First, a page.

Growing Parsnip

Pastinaca sativa : Apiaceae / the umbelliferae family

Jan F M A M J J A S O N Dec
                P P P P

(Best months for growing Parsnip in New Zealand - cool/mountain regions)

  • P = Sow seed
  • Sow in garden. Sow seed at a depth approximately three times the diameter of the seed. Best planted at soil temperatures between 43°F and 70°F. (Show °C/cm)
  • Space plants: 3 - 4 inches apart
  • Harvest in 17-20 weeks. Best flavour if harvested after a frost..
  • Compatible with (can grow beside): Swiss Chard (Silverbeet), Capsicum, Peas, Potatoes, Beans, Radishes, Garlic
  • Avoid growing close to: Carrot, Celery, Brassicas
  • A freshly dug parsnip
  • Parsnip leaves

Best grown in deep sandy, loamy soil. Use fresh seed and soak seed overnight then, after planting, keep seeds moist until seed germinate. Similar to starting carrots, maybe cover with a wooden plank or mulch until seeds germinate. They will completely fail if the seed dries out after planting and it's not unusual to have an entire packet fail. Difficult to grow in summer as the seed dries out fast and won't germinate. Leave in the ground until after frost or at least a couple of weeks of really cold weather. The cold results in the starch in the roots being converted into sugars which give the parsnip its sweet taste. Use a spade to dig the parsnip out of the ground.

Germination rates of parsnip seed are not great so sow about 3 seeds per inch and at a depth of around half an inch. Germination may take up to 20 days. Thin seedlings down so they are about 8cm (4in) apart. If you are planting in rows then space the rows about 50cm (20in) apart.

Culinary hints - cooking and eating Parsnip

Peel and roast with vegetables or meat. The sweetish flavour of parsnips enhances most other vegetables.

Your comments and tips

10 Jun 22, dopey duck (New Zealand - temperate climate)
growing parsnips is much like growing brussel sprouts you need them up and running before winter,parsnips need frosts to sweeten them up and brussels need cold to keep the sprouts tight but dont overcook them aldente is perfect and it lessens the sulphur smell,taste.
01 May 20, Murdock Halliday (New Zealand - temperate climate)
I am trying to germinate and plant parsnips now in Christchurch. The weather is amazingly warm for this time of the year. Am I wasting my time? Should I have tried earlier in the year? Thanks and take care.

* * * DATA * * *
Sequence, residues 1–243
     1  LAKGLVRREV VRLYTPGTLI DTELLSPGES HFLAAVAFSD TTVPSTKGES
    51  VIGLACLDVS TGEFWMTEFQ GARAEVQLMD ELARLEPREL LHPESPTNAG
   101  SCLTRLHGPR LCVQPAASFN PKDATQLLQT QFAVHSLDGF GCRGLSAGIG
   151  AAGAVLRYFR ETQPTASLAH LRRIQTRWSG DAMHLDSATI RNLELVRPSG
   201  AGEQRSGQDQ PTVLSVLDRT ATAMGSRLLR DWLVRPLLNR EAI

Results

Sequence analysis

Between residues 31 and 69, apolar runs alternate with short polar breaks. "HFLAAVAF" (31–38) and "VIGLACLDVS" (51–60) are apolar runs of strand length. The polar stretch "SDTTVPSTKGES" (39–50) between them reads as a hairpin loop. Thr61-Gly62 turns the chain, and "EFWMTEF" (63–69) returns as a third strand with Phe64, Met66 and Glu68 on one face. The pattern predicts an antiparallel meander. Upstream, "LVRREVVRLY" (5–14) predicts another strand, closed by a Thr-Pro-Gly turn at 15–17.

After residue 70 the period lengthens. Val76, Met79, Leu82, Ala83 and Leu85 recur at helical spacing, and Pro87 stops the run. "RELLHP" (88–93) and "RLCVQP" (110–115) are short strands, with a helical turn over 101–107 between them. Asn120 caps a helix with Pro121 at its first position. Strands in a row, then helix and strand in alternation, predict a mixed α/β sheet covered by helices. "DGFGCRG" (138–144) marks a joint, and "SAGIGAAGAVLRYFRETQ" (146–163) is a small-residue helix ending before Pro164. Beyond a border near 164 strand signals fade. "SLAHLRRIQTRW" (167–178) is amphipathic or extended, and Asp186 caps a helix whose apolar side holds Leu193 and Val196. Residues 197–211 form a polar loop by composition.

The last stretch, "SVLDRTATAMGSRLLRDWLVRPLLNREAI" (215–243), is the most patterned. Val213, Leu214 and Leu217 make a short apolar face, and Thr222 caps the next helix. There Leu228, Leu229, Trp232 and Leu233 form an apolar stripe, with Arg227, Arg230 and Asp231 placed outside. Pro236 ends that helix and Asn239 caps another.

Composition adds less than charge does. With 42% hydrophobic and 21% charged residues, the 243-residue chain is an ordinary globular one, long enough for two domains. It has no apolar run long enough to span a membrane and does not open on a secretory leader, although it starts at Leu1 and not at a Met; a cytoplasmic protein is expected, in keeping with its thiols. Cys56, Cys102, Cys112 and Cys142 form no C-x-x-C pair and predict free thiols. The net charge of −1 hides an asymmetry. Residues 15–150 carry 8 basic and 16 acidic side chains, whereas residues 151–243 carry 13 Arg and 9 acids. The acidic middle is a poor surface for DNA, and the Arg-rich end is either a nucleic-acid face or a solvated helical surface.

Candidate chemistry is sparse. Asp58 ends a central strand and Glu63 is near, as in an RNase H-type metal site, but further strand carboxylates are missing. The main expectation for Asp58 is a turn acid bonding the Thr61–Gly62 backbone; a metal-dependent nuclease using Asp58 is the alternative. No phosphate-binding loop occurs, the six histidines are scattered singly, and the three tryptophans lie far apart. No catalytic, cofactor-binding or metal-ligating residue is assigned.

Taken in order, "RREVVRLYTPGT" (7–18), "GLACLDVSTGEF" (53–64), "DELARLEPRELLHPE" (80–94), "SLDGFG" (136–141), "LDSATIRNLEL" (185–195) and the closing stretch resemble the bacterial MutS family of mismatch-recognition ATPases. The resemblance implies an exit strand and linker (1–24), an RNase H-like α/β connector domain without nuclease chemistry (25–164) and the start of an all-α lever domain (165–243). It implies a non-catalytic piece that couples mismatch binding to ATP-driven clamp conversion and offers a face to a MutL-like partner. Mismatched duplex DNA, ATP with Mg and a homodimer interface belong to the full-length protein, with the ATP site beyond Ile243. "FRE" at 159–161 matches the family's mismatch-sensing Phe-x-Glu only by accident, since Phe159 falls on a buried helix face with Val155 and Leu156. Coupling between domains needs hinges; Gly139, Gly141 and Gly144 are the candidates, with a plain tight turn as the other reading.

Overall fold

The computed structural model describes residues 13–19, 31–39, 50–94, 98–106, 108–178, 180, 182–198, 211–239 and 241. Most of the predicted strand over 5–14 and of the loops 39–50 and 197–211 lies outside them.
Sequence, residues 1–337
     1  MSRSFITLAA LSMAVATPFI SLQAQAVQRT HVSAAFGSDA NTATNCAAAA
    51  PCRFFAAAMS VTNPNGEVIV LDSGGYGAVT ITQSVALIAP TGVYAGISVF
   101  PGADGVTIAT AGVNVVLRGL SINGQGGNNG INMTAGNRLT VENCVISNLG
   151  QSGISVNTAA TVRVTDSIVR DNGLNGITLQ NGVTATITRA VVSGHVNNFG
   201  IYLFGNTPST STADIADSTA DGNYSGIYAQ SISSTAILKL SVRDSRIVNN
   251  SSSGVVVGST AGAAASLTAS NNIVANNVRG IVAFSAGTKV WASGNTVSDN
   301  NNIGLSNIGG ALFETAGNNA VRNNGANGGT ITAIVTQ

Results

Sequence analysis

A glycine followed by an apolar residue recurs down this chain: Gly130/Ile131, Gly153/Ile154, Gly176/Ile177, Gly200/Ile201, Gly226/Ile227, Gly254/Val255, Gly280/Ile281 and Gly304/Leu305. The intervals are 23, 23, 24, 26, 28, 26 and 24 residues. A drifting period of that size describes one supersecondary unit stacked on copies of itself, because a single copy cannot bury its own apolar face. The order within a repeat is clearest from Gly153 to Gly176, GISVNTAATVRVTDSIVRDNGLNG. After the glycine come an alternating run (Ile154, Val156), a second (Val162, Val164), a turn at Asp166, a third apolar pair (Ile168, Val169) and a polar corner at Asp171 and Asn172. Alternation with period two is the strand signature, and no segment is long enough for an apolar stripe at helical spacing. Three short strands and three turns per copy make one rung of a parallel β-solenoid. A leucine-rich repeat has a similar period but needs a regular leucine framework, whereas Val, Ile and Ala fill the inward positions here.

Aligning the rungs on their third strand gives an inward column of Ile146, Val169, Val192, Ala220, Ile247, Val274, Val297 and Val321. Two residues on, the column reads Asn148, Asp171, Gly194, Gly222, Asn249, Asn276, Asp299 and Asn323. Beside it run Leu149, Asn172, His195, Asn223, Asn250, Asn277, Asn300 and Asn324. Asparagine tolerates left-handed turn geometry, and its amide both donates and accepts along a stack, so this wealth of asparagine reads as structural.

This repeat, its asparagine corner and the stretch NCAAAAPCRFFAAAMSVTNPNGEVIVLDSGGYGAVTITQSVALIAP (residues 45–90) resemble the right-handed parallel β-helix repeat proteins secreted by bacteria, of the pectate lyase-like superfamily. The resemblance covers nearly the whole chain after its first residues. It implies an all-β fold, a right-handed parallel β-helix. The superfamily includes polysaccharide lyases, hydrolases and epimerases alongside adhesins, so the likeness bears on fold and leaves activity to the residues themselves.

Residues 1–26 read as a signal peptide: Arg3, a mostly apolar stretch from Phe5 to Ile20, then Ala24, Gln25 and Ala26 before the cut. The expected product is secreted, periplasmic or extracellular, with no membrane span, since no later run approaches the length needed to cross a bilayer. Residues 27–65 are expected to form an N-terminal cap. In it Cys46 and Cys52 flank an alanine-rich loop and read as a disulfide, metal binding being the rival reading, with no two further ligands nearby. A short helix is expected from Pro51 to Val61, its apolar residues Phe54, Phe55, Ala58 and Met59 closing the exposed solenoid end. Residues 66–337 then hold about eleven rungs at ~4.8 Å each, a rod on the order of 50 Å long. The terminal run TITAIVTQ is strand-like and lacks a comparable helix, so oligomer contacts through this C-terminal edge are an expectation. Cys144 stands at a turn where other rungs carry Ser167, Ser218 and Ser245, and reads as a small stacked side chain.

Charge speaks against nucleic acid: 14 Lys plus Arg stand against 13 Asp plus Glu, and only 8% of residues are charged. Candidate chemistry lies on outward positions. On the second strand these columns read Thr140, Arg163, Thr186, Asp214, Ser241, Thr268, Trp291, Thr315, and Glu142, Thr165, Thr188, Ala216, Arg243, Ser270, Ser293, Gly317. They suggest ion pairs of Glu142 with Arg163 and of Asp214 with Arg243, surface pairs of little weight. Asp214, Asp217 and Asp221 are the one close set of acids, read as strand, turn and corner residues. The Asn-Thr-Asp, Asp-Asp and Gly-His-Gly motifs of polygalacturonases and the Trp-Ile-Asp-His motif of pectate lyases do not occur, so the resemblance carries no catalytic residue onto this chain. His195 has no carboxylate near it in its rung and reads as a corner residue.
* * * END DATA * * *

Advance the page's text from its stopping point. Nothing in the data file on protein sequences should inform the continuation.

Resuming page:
05 May 20, Anon (New Zealand - sub-tropical climate)
It says from March onwards - subject to local conditions. When the weather turns cooler go for it. We just had a drop from 17-18 at night to 6.4 and 7.9. 10 days ago max was 32 yesterday 24. For most plants it is about soil temperature required to germinate. A cheap thermometer from Bunnings or gardening centre.
27 Jul 19, Karen (New Zealand - temperate climate)
So is there any particular seeds best to buy parsnips for brand . Karen
26 Mar 19, Clarkee (New Zealand - sub-tropical climate)
I wonder, if I sow Swiss Chard (above it says a good companion to parsnips) then once the card reaches a height that shades the soil around it, I then sow the parsnips amongst the chard, will that keep the soil cool and less likely to dry out for my parsnip seeds to germinate?
12 Nov 18, Alison (New Zealand - sub-tropical climate)
With regard to the parsnips I would recommend you try germination before planting them. Lay the seed on paper hand towel or similar. Lay seeds onto paper and cover with another paper towel. Dampen paper and keep moist (I'm thinking a sprayer would be a good idea). After 3-4 weeks there should be tiny roots forming. Using tweezers to handle seeds, transfer them to the soil bed you have prepared. Now, I haven't done this (by some fluke my seeds germinated and I have three small rows at different stages!) but I will next year. Successful gardening!
28 Jun 20, Mark Stentiford (New Zealand - temperate climate)
I have tried this last year with VERY good results (with three year old seeds as well), place in a container with a lid and you only need to water them once, you can also select the best of the crop to transplant with no failure. Good luck
01 Dec 17, Jos Dekker (New Zealand - temperate climate)
(i) When you purchase your seed, make sure it is within the stipulated "use by date" (ii) Prepare bed or row by loosening the soil to a minimum depth of 20 c.m. (iii) Soak seed in lukewarm water overnight. (iv) I do not sow seeds in singles but use a "scatter" method and thin out plants later (v) Mix seeds with a small quantity of very friable earth and scatter in your row or bed. (vi) I don't particularly like the covering with a plank method to stop drying out but prefer putting a shade to keep the sun off whilst seeds are germinating. Ensure to keep soil wet during germination. Depending on temperatures, if cold, I water with luke warm water. (vii) I think that transplanting tends to produce malformation in the parsnip root. Let them grow in the spot where they first saw the daylight! Good luck!
04 Nov 17, helen duckworth (New Zealand - cool/mountain climate)
Whoopee my parsnips have germinated 100% by the look of the rows. Do I need to protect the seedlings from frost - I live in the McKenzie Country of South Canterbury.
14 May 17, liz (New Zealand - cool/mountain climate)
hello - i also need some help with parsnips - i have a raised bed and put in plenty of compost most years - this last year i managed to get a whole row of parsnips to grow but - they are so tiny no bigger than my fingers and wrinkly like norah batties stockings but taste so darn good - my question is - how do i get them to grow into proper big parsnips - have i got something missing from the soil of my garden that they need to grow long and big??? thanks
Showing 1 - 10 of 12 comments

We can grow parsnips thru the hot summer if we plant now in may

- Glenn T Terrebonne

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